Fists-on with the new­est ad­di­tions to


Yoshi­nori Ono, Street Fighter IV’s grin­ning mas­cot pro­ducer, is off the project – as is, more wor­ry­ingly, Dimps, the fight­ing-game specialist team set up by se­ries cre­ator Takashi Nishiyama to han­dle the de­vel­op­ment of each of it­er­a­tion of Street Fighter IV to date. Cap­com is un­will­ing to dis­close the com­pany work­ing in its place, but what­ever stu­dio it is will ben­e­fit from a supremely bal­anced foun­da­tion on which to build this, the fi­nal up­date in Cap­com’s flag­ship fight­ing se­ries. Five new fighters – the fifth of whom is still yet to be re­vealed – bring the ros­ter to 44 char­ac­ters, the largest in the se­ries’ his­tory. Two new on­line modes, a hand­ful of new stages and a host of re-re­bal­anc­ing tweaks for the es­tab­lished cast aim to make this the per­fectly bal­anced pack­age, if such a thing were ac­tu­ally pos­si­ble.

Three fun­da­men­tal changes pro­vide the great­est threat to that bal­ance. The Red Fo­cus At­tack is a new, more pow­er­ful move avail­able to ev­ery char­ac­ter. It can ab­sorb mul­ti­ple hits, in­stead of the sin­gle at­tack of the stan­dard Fo­cus. The cost for the additional de­fen­sive ca­pac­ity is two blocks of spe­cial me­ter, but when any Red Fo­cus At­tack causes an op­po­nent to crum­ple to the floor, giv­ing ev­ery char­ac­ter in the game a way of com­bo­ing into Ul­tra, it’s a price worth pay­ing. Then there’s De­layed Wakeup, which lets you stay on the floor a lit­tle longer af­ter a knock­down to put your op­po­nent off their rhythm. It’s pri­mar­ily de­signed to nerf char­ac­ters like Cammy, Akuma and Ibuki who are at their most ef­fec­tive when an op­po­nent is get­ting up off the ground, but mak­ing it a uni­ver­sal me­chanic risks hurt­ing those of the cast who need all the help they can get.

There’s help for ev­ery­one, how­ever, in the new Ul­tra Combo Dou­ble sys­tem, which lets you take both of a char­ac­ter’s op­tions into bat­tle, rather than hav­ing to choose be­tween them be­fore a match. The trade­off is that whichever one you de­ploy will do less dam­age,

Street Fighter IV’s but the choice can of­fer huge ben­e­fits to cer­tain char­ac­ters. Zang­ief is the most ob­vi­ous: one Ul­tra grabs grounded foes, the other snatches those that jump away, so tak­ing both puts his op­po­nent in a dan­ger­ous guess­ing game. Of the new ad­di­tions to the cast, it’s Elena who’ll ben­e­fit most. She’s the only char­ac­ter to en­joy both of­fen­sive and de­fen­sive Ul­tras, the lat­ter of which re­stores up to half of her health bar. The gi­gan­tic Hugo is com­fort­ably the largest and slow­est char­ac­ter in the game, but he com­pen­sates for his sloth with dev­as­tat­ing power, though our hands-on con­firms he is nowhere near the force he was in Street Fighter X Tekken.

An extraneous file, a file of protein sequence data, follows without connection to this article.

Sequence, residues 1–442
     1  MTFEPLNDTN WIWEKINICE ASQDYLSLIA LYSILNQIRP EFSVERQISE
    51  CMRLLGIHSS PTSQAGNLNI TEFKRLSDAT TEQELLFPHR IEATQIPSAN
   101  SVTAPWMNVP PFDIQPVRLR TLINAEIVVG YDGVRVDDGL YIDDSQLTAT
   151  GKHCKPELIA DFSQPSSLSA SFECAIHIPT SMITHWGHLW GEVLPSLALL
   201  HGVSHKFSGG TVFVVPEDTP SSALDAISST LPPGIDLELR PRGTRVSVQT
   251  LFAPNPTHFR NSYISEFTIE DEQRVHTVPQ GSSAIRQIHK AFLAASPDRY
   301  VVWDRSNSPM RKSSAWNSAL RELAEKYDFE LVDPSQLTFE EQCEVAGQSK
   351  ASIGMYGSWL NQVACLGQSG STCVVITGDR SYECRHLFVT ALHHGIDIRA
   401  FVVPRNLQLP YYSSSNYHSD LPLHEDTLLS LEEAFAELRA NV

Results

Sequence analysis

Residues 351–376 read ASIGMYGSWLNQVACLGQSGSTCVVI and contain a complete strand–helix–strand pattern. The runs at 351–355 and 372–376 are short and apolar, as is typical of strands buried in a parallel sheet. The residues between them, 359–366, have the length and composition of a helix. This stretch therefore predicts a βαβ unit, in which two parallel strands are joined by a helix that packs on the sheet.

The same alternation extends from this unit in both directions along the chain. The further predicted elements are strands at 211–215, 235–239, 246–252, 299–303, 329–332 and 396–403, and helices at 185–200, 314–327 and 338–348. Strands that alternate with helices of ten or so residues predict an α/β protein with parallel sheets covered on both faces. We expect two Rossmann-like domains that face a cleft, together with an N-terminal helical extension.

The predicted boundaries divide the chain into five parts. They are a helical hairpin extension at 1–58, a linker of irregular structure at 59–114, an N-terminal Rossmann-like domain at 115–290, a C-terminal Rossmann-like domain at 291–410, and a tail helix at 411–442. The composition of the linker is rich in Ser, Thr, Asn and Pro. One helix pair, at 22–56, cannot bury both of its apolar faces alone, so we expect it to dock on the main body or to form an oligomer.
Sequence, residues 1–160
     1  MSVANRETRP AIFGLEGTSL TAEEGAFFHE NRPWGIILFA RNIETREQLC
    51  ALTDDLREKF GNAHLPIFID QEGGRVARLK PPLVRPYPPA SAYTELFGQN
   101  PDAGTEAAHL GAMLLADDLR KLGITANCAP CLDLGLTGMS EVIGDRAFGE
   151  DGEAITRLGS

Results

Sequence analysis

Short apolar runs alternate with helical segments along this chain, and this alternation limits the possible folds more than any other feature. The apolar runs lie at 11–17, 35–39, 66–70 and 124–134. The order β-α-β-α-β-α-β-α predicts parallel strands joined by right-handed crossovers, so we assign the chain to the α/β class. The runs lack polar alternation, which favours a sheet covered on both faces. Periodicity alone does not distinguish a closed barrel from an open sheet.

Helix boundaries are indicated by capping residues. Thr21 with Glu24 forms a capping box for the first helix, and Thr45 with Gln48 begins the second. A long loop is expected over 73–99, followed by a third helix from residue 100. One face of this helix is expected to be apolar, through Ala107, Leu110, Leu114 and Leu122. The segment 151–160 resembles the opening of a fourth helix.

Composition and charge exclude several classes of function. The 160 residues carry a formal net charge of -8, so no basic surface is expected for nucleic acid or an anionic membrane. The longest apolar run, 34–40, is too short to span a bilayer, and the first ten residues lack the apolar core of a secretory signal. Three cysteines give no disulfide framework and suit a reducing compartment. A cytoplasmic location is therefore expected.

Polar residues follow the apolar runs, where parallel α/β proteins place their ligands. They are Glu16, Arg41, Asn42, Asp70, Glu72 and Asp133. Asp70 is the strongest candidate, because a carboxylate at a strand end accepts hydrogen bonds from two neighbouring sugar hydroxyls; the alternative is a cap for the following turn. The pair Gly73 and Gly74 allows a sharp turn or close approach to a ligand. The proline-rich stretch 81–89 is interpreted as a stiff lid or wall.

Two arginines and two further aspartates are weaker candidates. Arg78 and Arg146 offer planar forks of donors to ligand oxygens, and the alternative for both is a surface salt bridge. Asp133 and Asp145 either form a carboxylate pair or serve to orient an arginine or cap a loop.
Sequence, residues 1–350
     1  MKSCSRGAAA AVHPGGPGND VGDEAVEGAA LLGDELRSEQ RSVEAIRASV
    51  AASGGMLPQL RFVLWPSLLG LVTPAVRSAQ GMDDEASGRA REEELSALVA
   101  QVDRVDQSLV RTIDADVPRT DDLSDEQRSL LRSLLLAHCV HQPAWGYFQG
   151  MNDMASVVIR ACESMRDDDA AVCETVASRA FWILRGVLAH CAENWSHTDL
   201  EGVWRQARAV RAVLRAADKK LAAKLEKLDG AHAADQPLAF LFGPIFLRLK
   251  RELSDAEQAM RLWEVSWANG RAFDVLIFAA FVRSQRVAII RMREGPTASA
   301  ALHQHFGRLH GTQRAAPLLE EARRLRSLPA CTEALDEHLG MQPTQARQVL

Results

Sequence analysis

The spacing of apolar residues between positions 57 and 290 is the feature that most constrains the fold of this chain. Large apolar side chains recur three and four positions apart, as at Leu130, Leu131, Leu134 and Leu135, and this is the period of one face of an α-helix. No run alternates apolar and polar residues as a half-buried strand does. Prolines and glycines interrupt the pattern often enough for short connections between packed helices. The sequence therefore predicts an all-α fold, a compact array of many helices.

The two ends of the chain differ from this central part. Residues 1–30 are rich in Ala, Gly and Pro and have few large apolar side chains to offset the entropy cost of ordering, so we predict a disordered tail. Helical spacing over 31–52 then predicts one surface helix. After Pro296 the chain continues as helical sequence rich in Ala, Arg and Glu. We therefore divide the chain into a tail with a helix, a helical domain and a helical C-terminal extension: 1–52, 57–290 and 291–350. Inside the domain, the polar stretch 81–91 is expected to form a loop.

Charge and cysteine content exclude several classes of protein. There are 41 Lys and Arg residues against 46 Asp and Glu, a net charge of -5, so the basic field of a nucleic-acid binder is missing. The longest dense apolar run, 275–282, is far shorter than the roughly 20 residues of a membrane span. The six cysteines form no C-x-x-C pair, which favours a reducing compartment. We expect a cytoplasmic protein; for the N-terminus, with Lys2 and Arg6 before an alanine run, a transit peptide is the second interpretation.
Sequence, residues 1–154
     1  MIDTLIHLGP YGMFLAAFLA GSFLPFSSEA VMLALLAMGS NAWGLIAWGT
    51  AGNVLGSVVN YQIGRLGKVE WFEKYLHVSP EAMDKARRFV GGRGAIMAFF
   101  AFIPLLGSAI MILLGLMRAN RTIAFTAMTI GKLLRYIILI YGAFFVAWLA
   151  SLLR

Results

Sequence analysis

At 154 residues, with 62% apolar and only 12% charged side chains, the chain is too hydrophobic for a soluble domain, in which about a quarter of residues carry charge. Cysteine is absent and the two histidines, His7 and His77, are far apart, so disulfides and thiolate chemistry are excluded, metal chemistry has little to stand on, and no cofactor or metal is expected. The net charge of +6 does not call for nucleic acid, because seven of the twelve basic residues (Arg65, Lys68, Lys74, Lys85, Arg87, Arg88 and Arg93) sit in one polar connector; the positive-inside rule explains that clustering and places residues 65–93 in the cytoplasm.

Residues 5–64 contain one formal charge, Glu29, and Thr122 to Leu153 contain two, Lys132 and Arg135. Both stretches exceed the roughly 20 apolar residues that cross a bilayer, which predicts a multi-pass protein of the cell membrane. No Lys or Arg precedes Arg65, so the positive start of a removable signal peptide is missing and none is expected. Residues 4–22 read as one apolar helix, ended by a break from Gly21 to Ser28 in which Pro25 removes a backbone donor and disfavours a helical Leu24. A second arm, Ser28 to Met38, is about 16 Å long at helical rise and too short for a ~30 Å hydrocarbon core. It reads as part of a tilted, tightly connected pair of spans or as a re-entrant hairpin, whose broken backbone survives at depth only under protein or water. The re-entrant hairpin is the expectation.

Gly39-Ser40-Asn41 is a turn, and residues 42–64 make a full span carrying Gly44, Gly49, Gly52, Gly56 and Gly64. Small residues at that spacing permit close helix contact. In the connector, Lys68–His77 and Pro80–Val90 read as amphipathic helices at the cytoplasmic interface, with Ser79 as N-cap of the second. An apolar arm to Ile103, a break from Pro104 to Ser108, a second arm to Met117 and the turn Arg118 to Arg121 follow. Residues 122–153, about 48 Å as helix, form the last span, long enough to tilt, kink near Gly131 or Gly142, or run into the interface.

Nei­ther, thank­fully, is Ro­lento, al­though he re­tains his in­fu­ri­at­ing hop move (in which he uses his ba­ton as a pogo stick to al­ter the an­gle of his jumps) and has plenty of ways to combo into Ul­tra. Poi­son re­tains her hy­per­sex­u­alised SFXT an­i­ma­tions (Love Me Ten­der sees her wrap her legs around a foe’s neck; Kissed By A God­dess trig­gers a kiss then a face slap and, fi­nally, a kick to the groin) but she is the most im­me­di­ately playable char­ac­ter of the new set.

With launch months away now that vague early-2014 re­lease date has slipped to June, and most of the game’s new fea­tures fully work­ing, Cap­com and its mys­tery part­ner face the long and ar­du­ous task of bal­anc­ing the game. It’s some­thing that’s hap­pen­ing in closer col­lab­o­ra­tion with Cap­com’s com­mu­nity than ever be­fore through lo­ca­tion tests across the globe. Daily builds show its com­mit­ment to get­ting this right – a ne­ces­sity if this sup­pos­edly fi­nal it­er­a­tion of Street Fighter IV is to stand the test of time like Su­per Street Fighter II Turbo and SFIII: Third Strike.

Smells like team spirit

The sin­gle­player game re­mains iden­ti­cal to pre­vi­ous ver­sions, but there are two new on­line modes to fill out the game. On­line Train­ing is a Neten­abled ver­sion of the off­line train­ing mode in which two play­ers can spar, try out new moves and combos to­gether – a use­ful if be­lated ad­di­tion. An ex­panded Team Bat­tle lets you play on­line in teams of three, in a form of Street Fighter co-op de­signed to al­low weaker play­ers to play with more com­pe­tent friends. Dur­ing matches con­trol passes to the next player in line when an op­po­nent KOs some­one. Char­ac­ters’ health bars don’t re­plen­ish be­tween rounds, though, so teams have to strate­gi­cally or­gan­ise their or­der of com­bat­ants.

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